The 19th story in my debut collection Remember Me To The Bees is The River. An earlier version was published by Gemini Magazine – actually it was one of my first published stories, and really encouraged me to keep writing.
The story enmeshes you in the world of a small girl for whom losing a pair of shoes in a river is at least as worrying as the concept of death.
The exquisite artwork at the top of this post is by Louise Boulter. The others are my own.
A short excerpt from The River
Phoebe sat on the bank and unfastened her patent leather shoes. She dipped her feet into the cold flow, giggling as mud oozed between her toes and small hidden things tickled her soles. Her shoes bobbed in the shallows like a pair of tiny dinghies.
Tucking her skirt into her knickers, she slipped off the bank into the river, wading along with gentle waves lapping at her pale, freckled thighs. She heard a splash behind her as Alec joined her in the swirling water. Phoebe led the way, taking care to put each foot down gingerly to test the depth before putting her full weight onto it, just as Alec had shown her.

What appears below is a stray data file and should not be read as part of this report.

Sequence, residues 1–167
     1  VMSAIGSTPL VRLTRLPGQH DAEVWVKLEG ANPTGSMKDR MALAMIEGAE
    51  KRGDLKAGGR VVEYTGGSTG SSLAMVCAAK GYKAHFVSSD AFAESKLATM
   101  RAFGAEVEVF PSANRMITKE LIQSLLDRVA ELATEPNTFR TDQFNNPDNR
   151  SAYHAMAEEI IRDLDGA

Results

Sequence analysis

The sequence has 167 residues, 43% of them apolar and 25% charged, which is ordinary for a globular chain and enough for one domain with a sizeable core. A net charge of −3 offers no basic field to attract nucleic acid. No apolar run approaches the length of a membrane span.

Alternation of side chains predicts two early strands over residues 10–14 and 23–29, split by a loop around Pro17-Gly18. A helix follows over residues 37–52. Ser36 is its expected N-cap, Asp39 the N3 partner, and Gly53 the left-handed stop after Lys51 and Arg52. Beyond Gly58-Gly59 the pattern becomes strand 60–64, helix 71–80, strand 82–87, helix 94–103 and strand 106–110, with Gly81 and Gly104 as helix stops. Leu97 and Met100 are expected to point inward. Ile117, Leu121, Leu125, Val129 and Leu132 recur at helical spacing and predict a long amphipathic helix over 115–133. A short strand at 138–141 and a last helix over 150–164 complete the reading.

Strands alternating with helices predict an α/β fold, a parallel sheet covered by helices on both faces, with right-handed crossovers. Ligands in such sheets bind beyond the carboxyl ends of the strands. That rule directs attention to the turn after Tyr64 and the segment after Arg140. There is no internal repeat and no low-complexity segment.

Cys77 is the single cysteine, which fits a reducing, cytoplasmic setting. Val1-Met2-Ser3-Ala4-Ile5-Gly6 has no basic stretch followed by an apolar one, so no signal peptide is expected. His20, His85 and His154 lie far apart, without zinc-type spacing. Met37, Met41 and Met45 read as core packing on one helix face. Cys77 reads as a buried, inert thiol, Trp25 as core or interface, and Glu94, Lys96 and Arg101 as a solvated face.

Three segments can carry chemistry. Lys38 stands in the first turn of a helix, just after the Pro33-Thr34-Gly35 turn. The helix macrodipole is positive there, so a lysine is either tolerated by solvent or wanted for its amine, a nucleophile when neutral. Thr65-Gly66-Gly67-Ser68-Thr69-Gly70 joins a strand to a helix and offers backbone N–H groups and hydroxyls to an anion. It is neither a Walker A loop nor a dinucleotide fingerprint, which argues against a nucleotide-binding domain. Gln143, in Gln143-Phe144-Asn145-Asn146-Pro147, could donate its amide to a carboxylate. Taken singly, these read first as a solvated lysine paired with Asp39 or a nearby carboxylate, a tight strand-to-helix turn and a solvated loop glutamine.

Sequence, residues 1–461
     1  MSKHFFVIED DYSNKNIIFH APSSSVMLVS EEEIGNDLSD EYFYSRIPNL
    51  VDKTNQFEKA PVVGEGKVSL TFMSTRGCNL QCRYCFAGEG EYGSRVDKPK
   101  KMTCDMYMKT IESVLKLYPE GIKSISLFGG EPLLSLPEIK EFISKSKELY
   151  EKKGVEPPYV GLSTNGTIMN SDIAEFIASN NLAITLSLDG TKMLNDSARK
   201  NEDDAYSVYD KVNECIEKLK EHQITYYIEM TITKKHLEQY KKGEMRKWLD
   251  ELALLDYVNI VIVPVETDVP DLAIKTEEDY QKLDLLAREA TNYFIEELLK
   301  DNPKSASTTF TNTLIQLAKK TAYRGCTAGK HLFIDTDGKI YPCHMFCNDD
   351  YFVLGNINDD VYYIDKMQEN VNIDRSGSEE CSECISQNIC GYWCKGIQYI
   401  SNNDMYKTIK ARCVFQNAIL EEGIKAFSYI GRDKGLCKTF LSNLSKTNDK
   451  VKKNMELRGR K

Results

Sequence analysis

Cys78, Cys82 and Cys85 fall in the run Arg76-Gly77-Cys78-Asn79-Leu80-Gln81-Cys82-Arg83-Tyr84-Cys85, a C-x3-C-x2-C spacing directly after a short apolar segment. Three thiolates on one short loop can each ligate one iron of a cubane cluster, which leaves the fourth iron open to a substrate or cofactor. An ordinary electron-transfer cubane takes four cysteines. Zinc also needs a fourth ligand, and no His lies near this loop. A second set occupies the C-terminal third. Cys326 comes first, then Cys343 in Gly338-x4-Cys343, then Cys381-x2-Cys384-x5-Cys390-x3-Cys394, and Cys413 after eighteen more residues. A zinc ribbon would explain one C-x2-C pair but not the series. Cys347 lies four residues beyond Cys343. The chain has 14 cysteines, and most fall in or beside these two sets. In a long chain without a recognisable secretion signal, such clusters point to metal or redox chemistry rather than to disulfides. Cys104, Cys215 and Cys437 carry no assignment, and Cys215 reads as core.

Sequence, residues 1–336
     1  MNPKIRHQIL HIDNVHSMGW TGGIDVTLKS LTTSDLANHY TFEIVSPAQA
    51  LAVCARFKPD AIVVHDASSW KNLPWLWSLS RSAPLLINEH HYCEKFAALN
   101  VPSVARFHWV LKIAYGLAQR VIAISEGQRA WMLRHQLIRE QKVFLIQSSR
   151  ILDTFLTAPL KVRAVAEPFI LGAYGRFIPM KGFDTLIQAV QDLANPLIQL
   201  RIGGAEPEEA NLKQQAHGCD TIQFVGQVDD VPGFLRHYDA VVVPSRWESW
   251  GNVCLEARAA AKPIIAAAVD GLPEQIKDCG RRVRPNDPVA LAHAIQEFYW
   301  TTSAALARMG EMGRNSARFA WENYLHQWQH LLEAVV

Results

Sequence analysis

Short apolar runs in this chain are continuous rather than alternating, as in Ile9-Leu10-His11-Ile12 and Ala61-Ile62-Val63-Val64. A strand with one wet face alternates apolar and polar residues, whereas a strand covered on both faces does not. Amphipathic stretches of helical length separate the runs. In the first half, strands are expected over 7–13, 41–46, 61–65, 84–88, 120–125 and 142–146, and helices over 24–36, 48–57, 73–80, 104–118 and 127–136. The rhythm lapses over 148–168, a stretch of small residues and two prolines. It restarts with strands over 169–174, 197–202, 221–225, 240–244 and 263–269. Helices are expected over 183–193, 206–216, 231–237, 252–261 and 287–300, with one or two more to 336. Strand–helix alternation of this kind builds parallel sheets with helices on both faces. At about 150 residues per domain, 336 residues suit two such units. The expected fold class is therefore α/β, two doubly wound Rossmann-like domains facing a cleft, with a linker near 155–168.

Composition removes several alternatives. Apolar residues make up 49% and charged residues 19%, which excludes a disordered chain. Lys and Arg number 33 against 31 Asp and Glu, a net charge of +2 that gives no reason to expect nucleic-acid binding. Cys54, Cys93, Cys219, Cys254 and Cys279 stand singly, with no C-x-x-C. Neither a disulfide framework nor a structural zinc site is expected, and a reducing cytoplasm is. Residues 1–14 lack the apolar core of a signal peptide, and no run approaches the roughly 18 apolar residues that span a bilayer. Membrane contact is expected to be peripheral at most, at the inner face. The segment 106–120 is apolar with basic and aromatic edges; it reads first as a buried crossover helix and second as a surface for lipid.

Alec knew everything there was to know about animals and nature. He pointed out a heron as it unfolded into the air from the bank, transforming from a motionless grey stick into a billowing sheet like a magic trick.
As they followed the river from one field into the next, Phoebe saw something caught in the reeds ahead: a few bright flowers tangling with something more solid. Intrigued, she walked as fast as the water allowed, but as she neared it a small paw was loosened by the current and swung out. She stepped back in surprise and almost fell.
“What is it?” she asked. “An animal?”
Alec picked up a branch and prodded the small corpse, turning it so that a neat whiskery face was revealed: shining, vacant eyes and a pair of astonishingly long ears. A dark red mass glistened where the fur of the stomach should have been.
“A hare,” Alec said. “Killed by a fox, I reckon. Dying, dying, dead and it’s not coming back.”
“Really?” Phoebe asked, disconcerted. Dying was what Mum said was happening to Granny.
“Dead,” Alec repeated, sounding equally unsettled. He heaved himself out onto the riverbank. “Come on, out. That water’s disgusting. We’ll walk back along the lane. Where are your shoes?”
Phoebe gasped in horror, realising she’d left them floating amidst the weeds. Alec took her hand and they ran back to where they’d entered the river, but the shoes had disappeared, gone forever, as surely as the life of the hare.